First Day on the Job

My first day at work (May 27th) at the National Democratic Institute at DC was very exciting. The short definition in describing what NDI does is as follows: it is a nonprofit, non partisan organization working to support and strengthen democratic institutions worldwide through citizen participation, openness and accountability in government. However, as I learned from my first day, people can use one sentence to describe NDI’s work, or they can talk to you for 3 hours. Like you, I preferred the sentence. 

Shortly after I met everyone on my team (Central and Eastern Europe regional team) including my co-interns Adam and Duncan (!!!), I was whisked off to orientation. The first of three orientation days. Here I learned how exactly people can go on for hours about their work at NDI. We met with representatives from the executives office (where the president Ken Wollak works) and functional team representatives from accounting, operations, governance, public affairs, program coordination, program administration, political parties and women’s political parties. In orientation I learned how to book a flight for a field office employee in Albania, get petty cash reimbursements, and that professional software hackers from China are NDI’s biggest security threat. <– Weird, right? 


My co-interns Adam who is on the left ( he is oddly enough my next door neighbor!) and Duncan on the right!

NDI takes up three floors in a twelve story building (floors 7-9). Advice for any future NDI interns, the best vending machines are on the 9th floor. We received a tour of the entire office. NDI moved to this building only two years prior. Afterwards I learned what country programs I was going to be working on for the duration of my 12 week internship.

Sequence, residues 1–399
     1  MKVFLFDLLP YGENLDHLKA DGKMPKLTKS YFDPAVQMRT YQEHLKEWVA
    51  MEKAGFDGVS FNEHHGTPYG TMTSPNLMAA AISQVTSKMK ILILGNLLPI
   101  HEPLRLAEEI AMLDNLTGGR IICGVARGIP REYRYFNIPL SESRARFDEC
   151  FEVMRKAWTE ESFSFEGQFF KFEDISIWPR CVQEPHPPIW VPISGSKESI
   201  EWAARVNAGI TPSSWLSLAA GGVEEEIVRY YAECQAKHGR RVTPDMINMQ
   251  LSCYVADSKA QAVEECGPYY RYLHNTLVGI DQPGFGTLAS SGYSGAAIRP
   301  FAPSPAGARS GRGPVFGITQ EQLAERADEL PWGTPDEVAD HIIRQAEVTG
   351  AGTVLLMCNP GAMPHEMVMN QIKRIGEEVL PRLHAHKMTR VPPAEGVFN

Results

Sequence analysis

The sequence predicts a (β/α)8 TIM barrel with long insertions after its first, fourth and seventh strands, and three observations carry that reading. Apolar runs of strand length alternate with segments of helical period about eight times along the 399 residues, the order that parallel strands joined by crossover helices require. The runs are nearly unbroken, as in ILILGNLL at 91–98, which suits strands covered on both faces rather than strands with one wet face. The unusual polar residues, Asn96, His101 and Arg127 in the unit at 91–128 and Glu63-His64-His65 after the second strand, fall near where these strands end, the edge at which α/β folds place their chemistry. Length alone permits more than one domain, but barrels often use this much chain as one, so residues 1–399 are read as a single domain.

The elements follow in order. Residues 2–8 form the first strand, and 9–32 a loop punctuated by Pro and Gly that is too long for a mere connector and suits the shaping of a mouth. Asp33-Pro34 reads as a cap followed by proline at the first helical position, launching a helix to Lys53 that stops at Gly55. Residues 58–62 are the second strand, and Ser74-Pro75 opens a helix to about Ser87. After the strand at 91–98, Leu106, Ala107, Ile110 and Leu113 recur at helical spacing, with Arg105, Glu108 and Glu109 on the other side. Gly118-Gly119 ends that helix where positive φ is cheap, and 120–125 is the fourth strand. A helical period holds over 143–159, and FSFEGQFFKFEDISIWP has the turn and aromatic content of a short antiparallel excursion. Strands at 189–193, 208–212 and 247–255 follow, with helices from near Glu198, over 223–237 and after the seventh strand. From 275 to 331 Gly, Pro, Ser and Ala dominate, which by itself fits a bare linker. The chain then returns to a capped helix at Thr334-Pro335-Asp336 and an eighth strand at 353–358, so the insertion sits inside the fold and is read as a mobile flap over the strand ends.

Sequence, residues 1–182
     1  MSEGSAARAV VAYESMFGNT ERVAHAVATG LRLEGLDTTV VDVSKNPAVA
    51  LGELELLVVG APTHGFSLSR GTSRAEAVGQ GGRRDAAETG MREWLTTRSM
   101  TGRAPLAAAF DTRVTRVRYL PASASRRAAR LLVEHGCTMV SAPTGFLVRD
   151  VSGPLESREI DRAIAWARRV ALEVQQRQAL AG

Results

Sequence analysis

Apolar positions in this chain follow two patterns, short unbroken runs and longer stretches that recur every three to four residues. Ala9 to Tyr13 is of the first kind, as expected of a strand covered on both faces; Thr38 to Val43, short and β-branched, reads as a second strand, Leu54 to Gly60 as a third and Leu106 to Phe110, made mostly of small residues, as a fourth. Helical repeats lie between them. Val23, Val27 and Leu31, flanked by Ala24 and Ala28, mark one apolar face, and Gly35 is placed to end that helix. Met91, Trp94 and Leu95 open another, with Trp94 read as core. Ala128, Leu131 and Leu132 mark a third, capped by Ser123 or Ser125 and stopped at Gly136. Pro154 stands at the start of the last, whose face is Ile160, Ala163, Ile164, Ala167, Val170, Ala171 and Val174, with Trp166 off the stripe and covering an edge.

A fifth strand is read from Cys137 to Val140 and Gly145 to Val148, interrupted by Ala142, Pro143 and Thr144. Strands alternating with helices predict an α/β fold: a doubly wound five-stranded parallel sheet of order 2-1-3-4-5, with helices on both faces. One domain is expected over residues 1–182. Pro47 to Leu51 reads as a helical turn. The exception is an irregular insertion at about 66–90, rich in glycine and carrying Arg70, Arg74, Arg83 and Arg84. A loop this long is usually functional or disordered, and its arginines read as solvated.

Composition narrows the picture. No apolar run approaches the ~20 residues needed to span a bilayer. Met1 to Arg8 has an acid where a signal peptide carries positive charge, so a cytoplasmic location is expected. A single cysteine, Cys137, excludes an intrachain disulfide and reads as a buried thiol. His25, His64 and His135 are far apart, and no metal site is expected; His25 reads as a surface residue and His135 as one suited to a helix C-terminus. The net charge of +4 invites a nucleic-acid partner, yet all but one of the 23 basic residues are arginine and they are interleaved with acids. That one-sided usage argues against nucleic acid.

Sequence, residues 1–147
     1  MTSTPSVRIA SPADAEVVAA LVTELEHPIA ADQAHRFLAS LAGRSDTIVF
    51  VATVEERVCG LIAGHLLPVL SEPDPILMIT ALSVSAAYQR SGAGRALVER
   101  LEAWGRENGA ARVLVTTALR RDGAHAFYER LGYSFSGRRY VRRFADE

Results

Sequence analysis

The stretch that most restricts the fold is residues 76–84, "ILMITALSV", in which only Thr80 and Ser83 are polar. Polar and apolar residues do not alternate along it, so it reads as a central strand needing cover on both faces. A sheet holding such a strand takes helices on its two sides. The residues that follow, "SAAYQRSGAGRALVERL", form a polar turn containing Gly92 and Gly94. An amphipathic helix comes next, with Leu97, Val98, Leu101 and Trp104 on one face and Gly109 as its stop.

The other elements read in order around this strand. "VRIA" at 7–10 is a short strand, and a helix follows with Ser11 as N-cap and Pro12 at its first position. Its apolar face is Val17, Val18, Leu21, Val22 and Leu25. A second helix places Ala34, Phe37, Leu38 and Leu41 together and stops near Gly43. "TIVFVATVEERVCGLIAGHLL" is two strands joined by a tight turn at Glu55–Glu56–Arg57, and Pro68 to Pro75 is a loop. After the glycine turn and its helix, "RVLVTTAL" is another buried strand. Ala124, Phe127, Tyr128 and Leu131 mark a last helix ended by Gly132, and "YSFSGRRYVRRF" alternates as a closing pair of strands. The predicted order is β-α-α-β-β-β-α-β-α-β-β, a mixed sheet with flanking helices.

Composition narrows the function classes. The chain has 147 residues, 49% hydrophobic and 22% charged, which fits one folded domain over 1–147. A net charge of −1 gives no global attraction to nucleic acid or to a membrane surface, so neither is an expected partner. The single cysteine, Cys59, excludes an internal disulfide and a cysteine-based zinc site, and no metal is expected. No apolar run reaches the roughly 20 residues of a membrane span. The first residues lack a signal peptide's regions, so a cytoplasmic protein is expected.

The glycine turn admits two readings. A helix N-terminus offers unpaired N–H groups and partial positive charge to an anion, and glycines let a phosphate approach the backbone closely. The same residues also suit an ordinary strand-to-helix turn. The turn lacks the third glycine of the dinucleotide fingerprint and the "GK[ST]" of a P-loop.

I’m assigned to the Kosovo Country Program, the Roma Political Participation Initiative, as well as the Regional Political Participation Initiative. My responsibilities will included editing monthly reports coming in from field offices, formatting quarterly, annual and final reports for our donors, writing news media updates on my specific countries, working on an independent research project (topic TBA) performing administrative duties (booking flights, helping register new offices/programs, reimbursements, setting up internal events, etc), making presentations and taking notes at our staff meetings, as well as attending outside relative lectures and presenting this new information to staff. Needless to say, I’m living the typical DC intern life.

Orientation continued the rest of the week, and afterwards I met individually with the country program officers for my assigned countries to discuss in further detail my responsibilities, as well as our CEE regional director who had a few kind words of wisdom to share 🙂 By the end of the week, I was nicely settled in my “office”. 


My desk!

I look forward to learning more about my country programs, as well as exploring lectures at other organizations in DC. This internship already is so different from my previous experiences– I look forward to developing my skills and learning more about democratic development from my superiors.